A vacation bench of the Delhi High Court refused on Monday to provide interim relief to The Quint, The News Minute, and The Wire against coercive action under the Information Technology (Intermediary Liability and Digital Media Ethics Code) Rules, 2021. The development was reported by The Quint, one of the petitioners; the judgment notified the batch of cases to the regular bench that is hearing the matter on July 7.
“The matter is pending before the regular division bench, no stay was granted. They are only implementing the notification on which there is no stay. There is no question of interim relief,” the vacation bench of C Hari Shankar and Subramonium Prasad reportedly said while issuing the order. The regular bench had refused such an interim stay on May 27 too.
In the petition filed by the Foundation for Independent Journalism, which runs The Wire, its founding editor MK Venu, and The News Minute’s editor Dhanya Rajendran argued that the Rules were an overreach of authority, and therefore unconstitutional. The Quint argued that the Rules allowed the government to “dictate” content on the internet. In one petition, the Delhi High Court said that while it would not provide interim relief, it would hear any urgent petitions if the need arose.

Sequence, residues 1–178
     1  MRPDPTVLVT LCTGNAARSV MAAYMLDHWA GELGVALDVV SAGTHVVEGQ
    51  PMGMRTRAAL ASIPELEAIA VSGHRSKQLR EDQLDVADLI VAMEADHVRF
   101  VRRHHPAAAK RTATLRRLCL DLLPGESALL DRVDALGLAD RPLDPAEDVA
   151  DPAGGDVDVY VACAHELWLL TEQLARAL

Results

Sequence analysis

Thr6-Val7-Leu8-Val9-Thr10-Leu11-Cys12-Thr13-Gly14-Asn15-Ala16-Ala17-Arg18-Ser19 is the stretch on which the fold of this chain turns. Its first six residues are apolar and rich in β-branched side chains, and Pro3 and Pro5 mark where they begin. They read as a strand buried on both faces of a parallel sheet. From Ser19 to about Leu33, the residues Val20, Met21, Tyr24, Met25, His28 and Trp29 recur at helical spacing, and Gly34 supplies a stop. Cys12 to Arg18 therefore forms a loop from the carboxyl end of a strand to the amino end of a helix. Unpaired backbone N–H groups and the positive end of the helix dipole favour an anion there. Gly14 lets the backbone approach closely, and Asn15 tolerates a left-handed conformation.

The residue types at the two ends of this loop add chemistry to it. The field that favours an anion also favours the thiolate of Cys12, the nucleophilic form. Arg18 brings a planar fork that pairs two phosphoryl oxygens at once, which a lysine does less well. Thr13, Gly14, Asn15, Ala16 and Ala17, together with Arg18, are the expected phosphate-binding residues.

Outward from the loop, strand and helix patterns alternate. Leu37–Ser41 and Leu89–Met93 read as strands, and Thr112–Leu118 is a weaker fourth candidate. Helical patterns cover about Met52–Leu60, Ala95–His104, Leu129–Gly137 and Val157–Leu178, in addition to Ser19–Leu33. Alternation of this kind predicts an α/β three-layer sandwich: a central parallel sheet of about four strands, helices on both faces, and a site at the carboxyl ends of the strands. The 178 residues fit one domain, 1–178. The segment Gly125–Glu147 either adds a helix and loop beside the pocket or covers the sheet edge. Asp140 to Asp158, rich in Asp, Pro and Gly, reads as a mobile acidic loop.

The Rules require news organisations to appoint a grievance officer who reviews and disposes of complaints from readers or viewers of online news; on top of this, they must have membership in a self-regulatory body that is constituted in accordance with government norms, to which people unsatisfied with the outcome of the first complaint can appeal. Finally, an inter-departmental committee would have the power to order censorship of this content. The Rules also require government-sponsored ethics norms to be complied with, a requirement that was hitherto only required for TV and newspaper media outlets.
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